In a sun-scorched metal chair on the Yokozuna Teriyaki patio, I finished the last glugs off a Sapporo and watched patrons enter and exit the joint's double doors. A fluffy-haired high school kid parked a minivan, shuffled inside then quickly emerged with two towering take-out bags. Hot on his heels, a 20-something girl in a flowery dress entered and soon exited sucking down a bright pink bubble tea. Catering to the take-out troops over the lingering legions, Yokozuna Teriyaki is more about grabbing a speedy bite than it is a cuddly date destination.
Inside the heavily air conditioned space, wrap-around high tables and an array of smaller four-tops were mostly empty. In one corner, a couple of bulky dudes sat glued to a TV loudly buzzing with the chatter of sports commentators. At the main counter, a bored employee tapped her fingers to "The Joker" while I scanned the large, orange and yellow menu. Comprised mostly, like the name suggests, of teriyaki dishes, the menu also offers some variations like sushi and gyoza. Appetizing and not-so-appetizing photos of pork tonkatsu ($6.45), tempura prawns ($7.45, for four) and chicken yakisoba ($5.75) plaster the adjacent wall, whispering promises of what the open kitchen is capable of.
After ordering, I settled into a heavy chair by the wall and listened to the rattling buzz of soda machines as I cracked open a plastic tray of prepared Sugar Daddy sushi ($4.50). Though the eight-piece roll oozed a spicy looking Sriracha aioli, the mushy tempura shrimp and ample avocado whisked away any lingering flavor. Before I'd put away two pieces of the shoulder-shruggable sushi, the counter lady slid a bowl of lightly fried age dashi tofu ($4.95) mellowing in a pool of light brown broth and a steaming helping of salmon teriyaki ($7.95) in front of me. While the six cubed hunks of fried tofu topped with minced ginger were obviously cooked to order, the accompanying broth lacked any sort of discernable pop. I squirted out a few streams of soy, whirled the ginger around, then let the tofu marinate while I tore into the salmon teriyaki. The dish was charmingly healthy-looking--like the glossy photo on a Lean Cuisine box--but fortunately tasted nothing like a frozen TV dinner. The surprisingly large and lean salmon fillet came topped with a light salty-sweet glaze, black and white sesame seeds and deep grill marks that looked too artfully done to have come solely from the fish's brief time on the grill. A skimpy handful of steamed broccoli, carrots and yellow squash rested atop a hill of bouncy white rice and offered a crunchy snap paired with the flaky salmon.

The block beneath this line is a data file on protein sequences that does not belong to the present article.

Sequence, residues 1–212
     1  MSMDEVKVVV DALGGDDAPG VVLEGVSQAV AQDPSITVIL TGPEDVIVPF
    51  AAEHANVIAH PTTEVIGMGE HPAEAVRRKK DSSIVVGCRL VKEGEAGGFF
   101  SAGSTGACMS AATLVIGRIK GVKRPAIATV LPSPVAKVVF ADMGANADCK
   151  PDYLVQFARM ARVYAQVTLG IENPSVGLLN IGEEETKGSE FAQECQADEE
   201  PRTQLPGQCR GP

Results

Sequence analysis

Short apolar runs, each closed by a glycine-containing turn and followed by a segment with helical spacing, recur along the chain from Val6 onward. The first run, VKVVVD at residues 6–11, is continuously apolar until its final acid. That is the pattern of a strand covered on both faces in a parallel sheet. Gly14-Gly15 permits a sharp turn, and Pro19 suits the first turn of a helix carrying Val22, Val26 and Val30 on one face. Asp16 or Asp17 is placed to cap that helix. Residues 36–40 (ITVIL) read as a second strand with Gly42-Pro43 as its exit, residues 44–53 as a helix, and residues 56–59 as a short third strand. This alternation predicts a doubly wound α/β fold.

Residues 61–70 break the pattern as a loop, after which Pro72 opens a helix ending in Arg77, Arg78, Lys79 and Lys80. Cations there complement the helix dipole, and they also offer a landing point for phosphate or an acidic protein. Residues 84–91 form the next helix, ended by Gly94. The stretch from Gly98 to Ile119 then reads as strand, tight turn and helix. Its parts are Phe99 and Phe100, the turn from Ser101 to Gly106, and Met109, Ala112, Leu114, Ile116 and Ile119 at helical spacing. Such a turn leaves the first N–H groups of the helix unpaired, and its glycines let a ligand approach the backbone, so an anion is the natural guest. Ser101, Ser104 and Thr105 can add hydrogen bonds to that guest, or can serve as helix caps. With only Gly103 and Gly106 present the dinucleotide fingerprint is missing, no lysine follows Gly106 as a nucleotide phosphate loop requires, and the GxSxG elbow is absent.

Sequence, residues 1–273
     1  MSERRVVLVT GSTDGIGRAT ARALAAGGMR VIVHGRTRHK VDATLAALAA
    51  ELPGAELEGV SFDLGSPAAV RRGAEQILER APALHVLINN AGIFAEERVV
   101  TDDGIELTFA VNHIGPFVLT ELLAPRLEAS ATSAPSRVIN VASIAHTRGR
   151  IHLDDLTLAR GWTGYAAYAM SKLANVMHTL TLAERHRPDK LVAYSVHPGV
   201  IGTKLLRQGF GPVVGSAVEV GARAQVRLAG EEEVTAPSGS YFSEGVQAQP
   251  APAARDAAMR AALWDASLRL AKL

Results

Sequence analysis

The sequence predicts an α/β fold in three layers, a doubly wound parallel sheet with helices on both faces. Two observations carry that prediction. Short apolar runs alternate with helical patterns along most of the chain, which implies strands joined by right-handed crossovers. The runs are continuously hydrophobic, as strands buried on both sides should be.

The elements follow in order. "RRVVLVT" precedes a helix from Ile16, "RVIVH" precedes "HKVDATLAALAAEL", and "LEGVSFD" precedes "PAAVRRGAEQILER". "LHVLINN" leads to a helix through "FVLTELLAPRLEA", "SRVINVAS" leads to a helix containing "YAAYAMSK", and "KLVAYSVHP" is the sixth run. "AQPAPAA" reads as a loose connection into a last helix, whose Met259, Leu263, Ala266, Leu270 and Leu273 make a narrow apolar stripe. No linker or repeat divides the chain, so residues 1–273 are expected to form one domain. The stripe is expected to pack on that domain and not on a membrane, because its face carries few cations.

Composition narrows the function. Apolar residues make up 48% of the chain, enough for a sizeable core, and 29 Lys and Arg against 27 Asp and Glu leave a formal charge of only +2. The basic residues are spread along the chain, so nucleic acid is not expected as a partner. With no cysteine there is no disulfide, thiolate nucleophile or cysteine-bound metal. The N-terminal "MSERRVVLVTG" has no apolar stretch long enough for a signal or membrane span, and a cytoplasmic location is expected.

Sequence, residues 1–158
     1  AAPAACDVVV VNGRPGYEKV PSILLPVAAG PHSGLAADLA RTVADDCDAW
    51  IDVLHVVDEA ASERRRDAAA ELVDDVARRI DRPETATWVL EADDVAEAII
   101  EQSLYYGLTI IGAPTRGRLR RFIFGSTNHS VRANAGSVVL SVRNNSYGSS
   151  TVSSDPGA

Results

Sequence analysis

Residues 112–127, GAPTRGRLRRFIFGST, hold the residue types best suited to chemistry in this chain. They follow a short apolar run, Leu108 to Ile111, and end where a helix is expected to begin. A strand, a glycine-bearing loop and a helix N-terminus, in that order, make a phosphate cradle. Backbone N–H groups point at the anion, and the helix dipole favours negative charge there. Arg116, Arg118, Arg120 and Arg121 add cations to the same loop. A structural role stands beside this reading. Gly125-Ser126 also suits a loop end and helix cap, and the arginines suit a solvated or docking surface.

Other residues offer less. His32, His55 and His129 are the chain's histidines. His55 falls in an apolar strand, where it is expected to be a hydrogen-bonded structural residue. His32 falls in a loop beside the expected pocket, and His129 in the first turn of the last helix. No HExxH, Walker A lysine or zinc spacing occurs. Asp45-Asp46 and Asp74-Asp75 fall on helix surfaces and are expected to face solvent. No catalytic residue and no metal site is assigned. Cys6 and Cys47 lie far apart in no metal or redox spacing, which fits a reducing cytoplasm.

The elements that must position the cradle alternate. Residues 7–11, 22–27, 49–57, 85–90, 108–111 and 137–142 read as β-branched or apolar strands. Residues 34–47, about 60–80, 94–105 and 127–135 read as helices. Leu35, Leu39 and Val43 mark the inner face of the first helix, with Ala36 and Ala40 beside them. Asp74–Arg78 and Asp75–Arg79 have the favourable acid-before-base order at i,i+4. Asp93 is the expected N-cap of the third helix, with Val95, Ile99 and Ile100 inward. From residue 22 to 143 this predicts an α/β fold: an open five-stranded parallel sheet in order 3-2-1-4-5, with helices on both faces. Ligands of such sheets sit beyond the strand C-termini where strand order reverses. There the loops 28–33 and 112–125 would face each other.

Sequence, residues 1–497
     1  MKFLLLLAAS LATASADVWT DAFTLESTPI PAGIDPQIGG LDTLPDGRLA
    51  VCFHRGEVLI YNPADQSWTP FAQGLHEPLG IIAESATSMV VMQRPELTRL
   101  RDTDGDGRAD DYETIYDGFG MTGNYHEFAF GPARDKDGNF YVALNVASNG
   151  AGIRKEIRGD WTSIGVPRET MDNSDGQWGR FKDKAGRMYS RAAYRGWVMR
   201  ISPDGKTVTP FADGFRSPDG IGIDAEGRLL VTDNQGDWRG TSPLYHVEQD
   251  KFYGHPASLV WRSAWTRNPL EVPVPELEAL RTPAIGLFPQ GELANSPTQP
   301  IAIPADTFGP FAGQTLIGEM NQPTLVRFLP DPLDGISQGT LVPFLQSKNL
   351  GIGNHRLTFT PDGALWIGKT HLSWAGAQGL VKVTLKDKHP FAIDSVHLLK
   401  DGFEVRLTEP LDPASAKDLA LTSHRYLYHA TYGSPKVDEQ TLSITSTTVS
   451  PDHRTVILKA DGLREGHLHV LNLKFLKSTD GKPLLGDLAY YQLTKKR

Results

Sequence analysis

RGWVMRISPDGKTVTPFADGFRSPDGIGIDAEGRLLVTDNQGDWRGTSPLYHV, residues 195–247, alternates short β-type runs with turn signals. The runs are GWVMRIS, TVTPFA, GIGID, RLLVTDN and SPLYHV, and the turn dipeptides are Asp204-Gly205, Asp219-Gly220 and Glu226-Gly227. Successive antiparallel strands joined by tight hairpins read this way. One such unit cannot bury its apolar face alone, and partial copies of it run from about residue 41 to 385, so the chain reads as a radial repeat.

Though fatty sauces or oily marinades didn't weigh down the meal, I was only able to finish about a third of what I ordered. Luckily, the heavy to-go box that glistened before me as I finished my beer on the restaurant's front patio would be revisited later that evening as an after-bar snack. With plenty of spices and sauces at home to church up the ample pile of salmon and still moist rice, my guy and I finally did Yokozuna Teriyaki the right way--cozied up with a movie.
--Tara Morgan calls "Oh, Yokozuna" in the middle of the night.
Boise Weekly sends two reviewers to every restaurant we review. Click here to read what BW's other reviewer had to say about Yokozuna Teriyaki.